Innes Willox – chair of the Migration Council of Australia and CEO of the Australian Industry Group – claims that allowing wages to rise in line with inflation is the number one threat to the economy:
Innes Willox on Monday said businesses were under pressure from unions pushing across-the-board wage rises at “an unsustainable level for many businesses”…
“This is perhaps the No.1 issue,” he told Ausbiz.
“You can’t get undo significant wage increases … then you get a situation of the dog chasing its tail where you get wage increases leading to inflation leading to interest rate rises … We have to tread very carefully here.”
Mr Willox cautioned that the latest data showing sluggish wage growth of 2.4 per cent “does not really reflect what is really going on with workplaces”.
“It’s very common to hear employers talk about giving workers 10, 20, 30 per cent pay increases to retain staff because of the job shortages we have at the moment”…
Earth to Willox – the wage price index measures like-for-like wage increases across the economy. Therefore, if there are some employers “giving workers 10, 20, 30 per cent pay increases to retain staff”, then wage growth must be below the average of 2.4% across many other employers. That’s how averages work. You cannot just cherry pick some extreme examples to make the case that wage inflation is rampant.
In any event, “profit-price inflation” is the far bigger driver of inflation than wage growth.
As noted last week by Jim Stanford from the Centre for Future Work:
Whatever is causing inflation, it isn’t firms passing on higher wage costs to their customers. Some are passing on higher profit margins. If anything, what we are experiencing is more like profit-price inflation than wage-price inflation.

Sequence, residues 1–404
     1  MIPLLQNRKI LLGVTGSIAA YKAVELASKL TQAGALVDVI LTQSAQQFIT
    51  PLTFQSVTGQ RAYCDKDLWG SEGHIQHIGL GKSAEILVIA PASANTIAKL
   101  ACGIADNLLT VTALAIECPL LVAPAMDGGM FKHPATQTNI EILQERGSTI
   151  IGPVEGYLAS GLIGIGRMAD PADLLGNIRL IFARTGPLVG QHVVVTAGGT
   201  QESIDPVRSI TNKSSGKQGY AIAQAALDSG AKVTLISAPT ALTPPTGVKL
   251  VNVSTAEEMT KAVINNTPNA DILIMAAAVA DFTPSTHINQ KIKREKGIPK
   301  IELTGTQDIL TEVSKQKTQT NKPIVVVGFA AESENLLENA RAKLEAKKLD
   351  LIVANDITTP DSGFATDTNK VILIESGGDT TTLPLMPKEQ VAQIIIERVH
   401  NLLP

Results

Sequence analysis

During the COVID crisis, profits climbed to a record high as a share of GDP while labour compensation (mainly wages) fell to its lowest point in postwar history.
Richard Denniss, chief economist at The Australian Institute, made a similar assessment:
In conclusion, given that an economy-wide increase in wages of five percent would have such a small impact on prices, the inflationary risks of a five percent increase in the minimum wage approaches the trivial. Indeed, the risk of firms exaggerating the impact of wage increases on their costs in order to increase their profit margins seems far more significant. In short, it would seem that the ACCC has a bigger role to play in controlling Australia’s inflation than the Fair Work Commission. The abuse of market power, and Australia’s record profit share of GDP represent real threats to Australia’s inflation and macroeconomic performance more generally.
Former ACCC head, Rod Sims, also believes the stronger market power of companies has contributed to higher prices for consumers and lower wages for workers:
“The share of profits in our national income has been rising steadily since the 1970s; and correspondingly the share of national income going to Australia’s workers has been steadily declining since then”…
“We currently have an election discussion about low wages. In the discussion, however, there is little link to Australia’s concentrated economy.”
In short, Innes Willox continues to talk his own book in arguing that wage increases in line with CPI would drive inflation skywards and threaten the economy. If anything, they would deliver productivity gains as firms are forced to innovate and invest in labour-saving technologies.
Besides, if the business lobby is genuinely concerned about inflation, it should look in the mirror at its on price gouging:
Why should Australian workers go backwards while businesses continue to enjoy booming profits? How is that fair or good for society?
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